*INTRODUCTION:* There is an economy in revelation. The Lord does not seem to waste anything, including his words, and expects that his disciples will be of the same inclination. Thus we need not expect that he will reveal things to us personally that he has already revealed to others and that are available in the Standard Works or the words of the Living Prophets. Thus the Lord said, "What I say unto one I say unto all." (D&C 61:36) He also said, "And verily, verily, I say unto you, that this is my voice unto all. Amen. (D&C 25:16) "Therefore, what I say unto one I say unto all: Watch, for the adversary spreadeth his dominions, and darkness reigneth . . . (D&C 82:5) "What I say unto one I say unto all.(D&C 92:1) "What I say unto one I say unto all; pray always lest that wicked one have power in you, and remove you out of your place." (D&C 93:49) I knew a member of many years in the Church in a country in South America who had tried unsuccessfully to abandon her cigarettes since before her baptism. Her lack of success in giving up tobacco finally caused her to petition the Lord for permission to smoke. I believe she sincerely hoped that he would make an exception in her case because of the difficulty she had experienced in trying to adhere to the commandment of D&C 89. The verses cited above ought to have been sufficient incentive for her to desist from prayers for permission to ignore one of the commandments, but they were not. She continued to pray, and finally announced that she had received her answer. "Joseph Smith appeared to me," she testified, " and told me that it was all right if I smoked." It was in part a lack of understanding the scriptures that led her into difficulty. The Lord had made his will on this matter known clearly. It is not likely that he would reverse himself in such a way or on such a matter as this. The principle of _general application_ of specific lessons taught to particular individuals is one that first appears in a revelation given to Emma Smith-D&C 25. And even though the revelation came through the prophet Joseph Smith to his wife, with specific instructions for her in her unique problems, the Lord concluded his counsel to this daughter with the injunction: "This is my voice unto all." (D&C 25:16) This lesson will explore what he said to all of us in D&C 25. The lesson manual divides the material in this section into three headings. *1. HUSBANDS AND WIVES SHOULD SUPPORT AND COMFORT EACH OTHER.* *2. WE SHOULD BE MEEK AND AVOID PRIDE.* *3. WE SHOULD REJOICE AND BE OF GOOD CHEER.* Even though we do not understand perfectly what God intended with the division of responsibility between men and women, we do understand much of what God expects of men and women in their marriage relationships. I have gone through this revelation and marked 17 qualities the Lord expected of Emma. Generally these are qualitites of an elect lady, for the Lord said to Emma, "Behold, thy sins are forgiven thee, and thou art an elect lady, whom I have called." (D&C 25:3) But many of them are equally applicable to men, and all of them apply to women. *1.* (25:2) "If thou are faithful . . ." The Lord promises in this verse that faithfulness and virtue (see #2) will allow the Lord to preserve the life of Emma and to grant her an inheritance in Zion. *2.* (25:2) "if thou . . . walk in the paths of virtue . . ." The Lord commanded all priesthood bearers about this matter:"let virtue garnish thy thoughts unceasingly . . ." (D&C 121:45) This is no small matter in the environment in which we live. We are assailed on every side at almost every moment with images that are anything but virtuous. A great discipline will be required of us to walk in the paths of virtue and to have our minds _garnished unceasingly_ with the beauty of virtue. But if we are successful, our marriages will be strengthened. "and also see that ye bridle all your passions, that ye may be filled with love . . ." Alma taught Shiblon. *3.* (25:4) "Murmur not because of the things which thou hast not seen, for they are withheld from thee and from the world . . ." This seems to be a reference to the gold plates. The eleven witness had seen them. Mary Whitmer had evidently seen them. But no one had suffered more as a result of those ancient records that Emma. But she had not seen them. Why would the Lord give blessings to some and not to others equally deserving. If priesthood were, for example, simply a matter of worthiness, then I am confident that more women than men would have it. But there is another issue here, one that we may not understand clearly. Elder Neal A. Maxwell taught: "We know so little, brothers and sisters, about the reasons for the division of duties between womanhood and manhood as well as between motherhood and priesthood. These were divinely determined in another time and another place. We are accustomed to focusing on the men of God because theirs is the priesthood and leadership line. But paralleling that authority line is a stream of righteous influence reflecting the remarkable women of God who have existed in all ages and dispensations, including our own. Greatness is not measured by coverage in column inches, either in newspapers or in the scriptures. The story of the women of God, therefore, is, for now, an untold drama within a drama. . . . "When the real history of mankind is fully disclosed, will it feature the echoes of gunfire or the shaping sound of lullabies? The great armistices made by military men or the peacemaking of women in homes and in neighborhoods? Will what happened in cradles and kitchens prove to be more controlling than what happened in congresses? When the surf of the centuries has made the great pyramids so much sand, the everlasting family will still be standing, because it is a celestial institution, formed outside Telestial time. The women of God know this." (_Ensign_, May 1978, pp. 10,11) We must not murmur because we do not have all the opportunities that others have. God is on the job and he knows what he is doing. Read D&C 101:16 and Psalm 46:10. *4.* (25:5) "And the office of thy calling shall be for a comfort unto . . . thy husband, in his afflictions, with consoling words, in the spirit of meekness." I have a feeling that women are much better than men at this. But even so, it is a duty that each partner in a relationship owes to the other. My wife has come to me often, troubled and weighed down and telling me her difficulties, and has then said, "Say something to make me feel better." I don't know that I have always done a very good job at this, but I have tried. I have a divine duty to try to comfort my wife in her afflictions with consoling words. And I ought to do it meekly. When she is heavy-laden, I must resist the urge to preach and prescribe. And she must do the same for me. It is in this way that we truly become one. *5.* (25:6) "And thou shalt go with him at the time of his going . . ." I have taken my wife to twelve different homes. They have all, every one of them, been related to my work. School and the army and more school and employment with the Church Education System have required me to move from state to state and from coast to coast. And Lydia has come with me. I have never heard a word of resentment or complaint. When it has been time for me to go, she has gone with me. But I must also go with her. When the office of her calling takes her to places unknown or uncomfortable-to the hospital to have a baby or to the school to meet with a disagreeable teacher, I have gone with her. We are and have agreed to be a package. Many things we do alone, but when we need support, we lean first on each other. What a blessing that has been. *6.* (25:7) "thou shalt be ordained under his hand to expound scriptures . . ." What a blessing scriptural knowledge is for anyone. This is not a man's responsibility, and with or without ordination, we ought to pay the price to know and expound the scriptures. *7.* (25:7) "and to exhort the church . . ." As callings [and ordinations] come, we can exhort the members of the Church for whom we have stewardship. It is a delight to listen to my wife teach my children out of the scriptures. In addition she has taught frequently in the auxiliaries of the church. She is a superb teacher and a fine scriptorian, and her teachings are fortified by her spirituality and her Christianity. *8.* (25:8) "thy time shall be given to writing, and to learning much." Writing what? The prophets have given some interesting counsel about writing to the members of the Church. For example: "Any Latter-day Saint family that has searched genealogical and historical records has fervently wished their ancestors had kept better and more complete records. On the other hand, some families possess some spiritual treasures because ancestors have recorded the events surrounding their conversion to the gospel and other happenings of interest, including many miraculous blessings and spiritual experiences. People often use the excuse that their lives are uneventful and nobody would be [page 61] interested in what they have done. But I promise you that if you will keep your journals and records, they will indeed be a source of great inspiration to your families, to your children, your grandchildren, and others, on through the generations." (Spencer W. Kimball, "President Kimball Speaks Out on Personal Journals," _Ensign_, Dec. 1980, 60-61) Richard G. Scott gave this advice: "Knowledge carefully recorded is knowledge available in time of need. Spiritually sensitive information should be kept in a sacred place that communicates to the Lord how you treasure it. That practice enhances the likelihood of your receiving further light." ("Acquiring Spiritual Knowledge," _Ensign_, Nov. 1993, 88) Another apostle wrote this: "We should learn, too, that the prompting that goes unresponded to may not be repeated. Writing down what we have been prompted with is vital. A special thought can also be lost later in the day in the rough and tumble of life. God should not, and may not, choose to repeat the prompting if we assign what was given such a low priority as to put it aside." (Neal A. Maxwell, _Wherefore Ye Must Press Forward_, p.122) I think the message is clear enough. The Lord expects all of us to do some writing. I remember years ago hearing Elder Marion D. Hanks say something like this in a CES meeting: "The palest ink is better than the brightest memory." When the Lord cares about us and about a principle enough to give inspiration, we ought to care enough about it to write it down in a sacred place. With regard to education-the command to give our time to learning, Pres. Hinckley taught: "It is so important that you young men and you young women get all of the education that you can. The Lord has said very plainly that His people are to gain knowledge of countries and kingdoms and of things of the world through the process of education, even by study and by faith. Education is the key which will unlock the door of opportunity for you. It is worth sacrificing for. It is worth working at, and if you educate your mind and your hands, you will be able to make a great contribution to the society of which you are a part, and you will be able to reflect honorably on the Church of which you are a member. My dear young brothers and sisters, take advantage of every educational opportunity that you can possibly afford, and you fathers and mothers, encourage your sons and daughters to gain an education which will bless their lives" (meeting, Hermosillo, Mexico, 9 Mar. 1998. Quoted in "Inspirational Thoughts" from Gordon B. Hinckley, _Ensign_, June 1999, 4) *9.* (25:9) "And thou neediest not fear . . ." No woman should have to. The man has the duty to support his family, and if he becomes unable or unwilling, then the righteous woman, after doing what she can do, has every right to turn to the priesthood of God for the necessary assistance. When I was a teenager living in northern Utah, a young woman in our ward with four little children was left a widow by an unfortunate airplane accident at an Air Force base. The ward built her a house. Someone donated land. A construction company owned by a ward member dug the foundation and poured the footings. Priesthood holders came with hammers and nails. Appliances were purchased and donated. Painters painted. Carpenters carpented. Workers worked. I was young and contributed little but I remember. We could not do much about the loneliness, but we could turn away the fear. *10.* "And verily I say unto thee that thou shalt lay aside the things of this world . . ." In an ode to W.H. Channing, Emerson wrote, "Things are in the saddle and ride mankind." If that was true in Emerson's day, it is certainly true now. We seem to be obsessed with *stuff*. We seek to acquire more and more stuff. The Lord gave solemn warning to those whose hearts are set "so much upon the things of this world . . ." When we focus too much on the material things that enrich our lives, we become much like those people in the days of Enoch of whom It was written, "their eyes cannot see afar off." (Moses 6:27) We are blinded by our bank accounts and our credit card payments and our regular pay checks. The things of the world are necessary to get through this world, but none of them should be so important to us that we are unable to lay them aside if the Lord requires it of us. *11.* (25:10) "And verily I say unto thee that thou shalt lay aside the things of this world, and *seek for the things of a better*." This is what we ought to seek. As we distance ourselves from the things of this world, our efforts and focus will turn unerringly to the things of a better world. I think the oft-repeated scriptural counsel to "be sober" is based on this attitude. The Lord commanded: "Hearken ye to these words. Behold, I am Jesus Christ, the Savior of the world. Treasure these things up in your hearts, and let the solemnities of eternity rest upon your minds. "Be sober. Keep all my commandments. Even so. Amen." (D&C 43:34,35) *12.* (25:13) "Wherefore, lift up thy heart and rejoice . . ." We have been directed on several occasions to be of good cheer. D&C 61:36--"And now, verily I say unto you, and what I say unto one I say unto all, be of good cheer, little children; for I am in your midst, and I have not forsaken you;" D&C 68:6--"Wherefore, be of good cheer, and do not fear, for I the Lord am with you, and will stand by you; and ye shall bear record of me, even Jesus Christ, that I am the Son of the living God, that I was, that I am, and that I am to come." D&C 78:18--"And ye cannot bear all things now; nevertheless, be of good cheer, for I will lead you along. The kingdom is yours and the blessings thereof are yours, and the riches of eternity are yours." D&C 112:4--"Let thy heart be of good cheer before my face; and thou shalt bear record of my name, not only unto the Gentiles, but also unto the Jews; and thou shalt send forth my word unto the ends of the earth." *13.* (25:13) "Cleave unto the covenants which thou hast made." Agreements with a God are not to be taken lightly. We have made covenants and we must hold on to them. It by means of our covenants and what we do with them that our fitness for heaven will be determined. "Therefore, be not afraid of your enemies, for I have decreed in my heart, saith the Lord, that I will prove you in all things, whether you will abide in my covenant, even unto death, that you may be found worthy. For if ye will not abide in my covenant ye are not worthy of me." (D&C 98:14,15) Robert E. Wells taught that "One of the principal purposes of this life is to find out if the Lord can trust us. One of our familiar scriptures says, 'And we will prove them herewith, to see if they will do all things whatsoever the Lord their God shall command them' (Abr. 3:25). We are destined to be tried, tested, and proven during our sojourn on earth to see if we are trustworthy. "The Prophet Joseph Smith indicated that to attain the highest blessing of this life, we will first be tested and proved thoroughly until the Lord is certain that he can trust us in all things, regardless of the personal hazard or sacrifice involved." (Robert E. Wells, "The Cs of Spirituality," _Ensign_, Nov. 1978, 24) *14.* (25:14) "continue in a spirit of meekness . . ." John Taylor taught, "Let us continue to live in humility and meekness before God, seeking in faith and good works to get an increased portion of his Holy Spirit, that we may comprehend the laws of God and live according to the principles of eternal truth...." (JD, 18:334-335, December 31, 1876) I sense that this quality of meekness is another of those divine attributes at which women may be more proficient than men. The whole text of this verse suggests that Emma's glory and renown will come, in some measure from her husband. A willingness to stand in the background while someone else is revered shows a purity of meekness. And it is this that Emma is asked to do for her husband. *15.* (25:13) "Beware of pride." "Be not ashamed, neither confounded; but be admonished in all your high-mindedness and pride, for it bringeth a snare upon your souls." (D&C 90:17) This language is interesting. Hunters from the Arctic to Zimbabwe have used snares to trap unsuspecting animals. Size is not an issue. If you want to trap a bigger animal, you construct a bigger snare, and pride can be fashioned in any shape and size. It is a trap that only the most cautious and spiritually sensitive can avoid. It is a trap used by Lucifer with more success than almost any other device to entangle the souls of men. Beware indeed! The word beware suggest a sobriety, a vigilance as we regularly examine our lives and our souls for traces of this condition. *16.* (25:14) "Let thy soul delight in thy husband, and in the _glory_ which shall come upon him." This is great medicine for pride. If we are able to delight in the successes---the glory--that comes to others, we are well-insulated against pride. In the words of C. S. Lewis: "Pride gets no pleasure out of having something, only out of having more of it than the next man. . . . It is the comparison that makes you proud: the pleasure of being above the rest. Once the element of competition has gone, pride has gone." (_Mere Christianity_, New York: Macmillan 1952, pp. 109-10) We learn to rejoice in the accomplishments of others better in families than anywhere else in our lives. We seem to be able to delight in the achievements of our children and spouses. And when we learn to expand that feeling to all around us, we will have make great progress. For, it seems to me, humility is not the attitude of belittling our own achievements, but of regarding them with the no greater sense of satisfaction we would feel if they had been performed by another. *17.* (25:15) "Keep my commandments continually, and a crown of righteousness thou shalt receive." *CONCLUSION:* We have been promised that as we read the words of the Doctrine and Covenants by the Spirit, we are hearing the voice of the Lord. D&C 84:60 tells us: Verily, verily, I say unto you who now hear my words, which are my voice, blessed are ye inasmuch as you receive these things. Have you heard his voice in this remarkable revelation given to Emma Smith. For it was not given to her alone, but to all those children and disciples inclined to serve God and keep his commandments.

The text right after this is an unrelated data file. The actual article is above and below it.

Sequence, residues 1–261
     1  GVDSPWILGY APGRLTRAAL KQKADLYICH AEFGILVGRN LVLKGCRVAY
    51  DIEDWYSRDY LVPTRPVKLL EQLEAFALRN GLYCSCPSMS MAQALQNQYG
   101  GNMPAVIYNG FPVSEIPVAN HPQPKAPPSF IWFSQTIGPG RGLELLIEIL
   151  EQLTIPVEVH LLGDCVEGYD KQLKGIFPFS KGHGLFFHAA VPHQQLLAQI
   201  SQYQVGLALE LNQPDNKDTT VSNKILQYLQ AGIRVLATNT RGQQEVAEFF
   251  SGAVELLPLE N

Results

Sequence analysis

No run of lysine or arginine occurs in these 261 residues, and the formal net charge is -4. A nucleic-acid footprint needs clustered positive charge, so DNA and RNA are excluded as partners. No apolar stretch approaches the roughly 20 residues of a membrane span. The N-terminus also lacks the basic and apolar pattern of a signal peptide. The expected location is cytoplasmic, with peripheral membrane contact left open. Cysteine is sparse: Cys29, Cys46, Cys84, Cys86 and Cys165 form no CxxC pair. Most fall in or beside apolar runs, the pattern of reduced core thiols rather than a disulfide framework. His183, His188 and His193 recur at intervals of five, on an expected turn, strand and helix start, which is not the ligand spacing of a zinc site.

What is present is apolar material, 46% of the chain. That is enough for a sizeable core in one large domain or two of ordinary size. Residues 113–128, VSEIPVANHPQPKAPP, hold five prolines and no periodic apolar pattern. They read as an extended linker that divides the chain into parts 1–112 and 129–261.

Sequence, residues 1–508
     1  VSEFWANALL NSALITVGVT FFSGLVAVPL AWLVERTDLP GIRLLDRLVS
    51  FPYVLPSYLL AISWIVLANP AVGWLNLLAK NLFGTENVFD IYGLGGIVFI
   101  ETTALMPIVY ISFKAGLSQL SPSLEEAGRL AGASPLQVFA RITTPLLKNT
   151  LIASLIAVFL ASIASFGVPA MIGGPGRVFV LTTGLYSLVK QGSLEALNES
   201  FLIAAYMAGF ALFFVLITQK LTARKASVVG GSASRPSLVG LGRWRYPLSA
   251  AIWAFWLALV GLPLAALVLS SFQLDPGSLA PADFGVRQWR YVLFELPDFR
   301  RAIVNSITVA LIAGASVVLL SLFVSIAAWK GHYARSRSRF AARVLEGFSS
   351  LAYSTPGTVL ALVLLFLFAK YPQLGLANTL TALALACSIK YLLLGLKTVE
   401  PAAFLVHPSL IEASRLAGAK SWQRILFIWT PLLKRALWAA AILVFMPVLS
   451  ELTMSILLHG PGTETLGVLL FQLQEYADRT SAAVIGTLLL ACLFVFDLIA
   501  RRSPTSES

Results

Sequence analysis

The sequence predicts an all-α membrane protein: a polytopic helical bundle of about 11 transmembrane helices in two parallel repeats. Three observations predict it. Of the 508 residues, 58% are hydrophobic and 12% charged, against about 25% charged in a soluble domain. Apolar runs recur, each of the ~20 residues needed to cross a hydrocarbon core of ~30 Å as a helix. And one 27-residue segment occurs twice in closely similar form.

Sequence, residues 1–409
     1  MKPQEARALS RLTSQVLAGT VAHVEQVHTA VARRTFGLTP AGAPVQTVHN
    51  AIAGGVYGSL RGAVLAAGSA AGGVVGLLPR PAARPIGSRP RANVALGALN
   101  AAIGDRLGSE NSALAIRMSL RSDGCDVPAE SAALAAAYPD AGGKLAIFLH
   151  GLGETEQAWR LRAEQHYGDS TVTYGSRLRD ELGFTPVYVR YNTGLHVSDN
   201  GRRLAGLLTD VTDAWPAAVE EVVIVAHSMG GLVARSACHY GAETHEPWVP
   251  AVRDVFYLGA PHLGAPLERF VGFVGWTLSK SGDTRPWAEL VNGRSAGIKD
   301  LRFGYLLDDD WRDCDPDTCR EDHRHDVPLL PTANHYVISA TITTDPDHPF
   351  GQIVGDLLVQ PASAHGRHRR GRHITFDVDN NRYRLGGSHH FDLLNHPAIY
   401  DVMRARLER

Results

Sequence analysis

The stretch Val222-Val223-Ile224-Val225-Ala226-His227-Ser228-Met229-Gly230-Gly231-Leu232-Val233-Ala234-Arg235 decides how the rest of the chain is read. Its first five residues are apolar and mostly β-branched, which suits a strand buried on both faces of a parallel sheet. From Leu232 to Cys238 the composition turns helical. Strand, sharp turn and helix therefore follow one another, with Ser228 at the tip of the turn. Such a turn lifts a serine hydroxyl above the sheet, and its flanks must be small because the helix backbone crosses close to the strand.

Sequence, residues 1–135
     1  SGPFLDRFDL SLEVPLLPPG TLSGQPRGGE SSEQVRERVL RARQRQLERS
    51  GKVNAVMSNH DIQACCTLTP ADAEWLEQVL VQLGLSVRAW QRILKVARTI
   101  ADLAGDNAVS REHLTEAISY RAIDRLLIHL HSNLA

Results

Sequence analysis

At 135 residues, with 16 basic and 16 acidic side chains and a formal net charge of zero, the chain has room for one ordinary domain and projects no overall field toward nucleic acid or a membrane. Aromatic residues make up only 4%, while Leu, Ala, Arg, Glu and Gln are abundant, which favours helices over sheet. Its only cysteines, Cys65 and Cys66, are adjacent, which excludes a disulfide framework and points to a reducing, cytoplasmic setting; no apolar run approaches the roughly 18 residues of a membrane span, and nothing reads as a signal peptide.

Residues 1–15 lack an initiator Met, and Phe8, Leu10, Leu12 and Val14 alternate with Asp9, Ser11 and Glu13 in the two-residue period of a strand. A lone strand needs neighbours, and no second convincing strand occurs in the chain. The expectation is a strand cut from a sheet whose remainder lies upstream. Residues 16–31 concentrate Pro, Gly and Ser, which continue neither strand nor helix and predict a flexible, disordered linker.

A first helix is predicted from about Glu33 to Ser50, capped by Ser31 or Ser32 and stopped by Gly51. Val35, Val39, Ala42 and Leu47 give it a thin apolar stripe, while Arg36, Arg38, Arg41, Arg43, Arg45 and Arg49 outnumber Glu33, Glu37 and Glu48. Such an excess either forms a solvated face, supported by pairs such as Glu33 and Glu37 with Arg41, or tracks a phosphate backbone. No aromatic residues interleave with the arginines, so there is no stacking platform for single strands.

Comments and feedback can be sent to firstname.lastname@example.org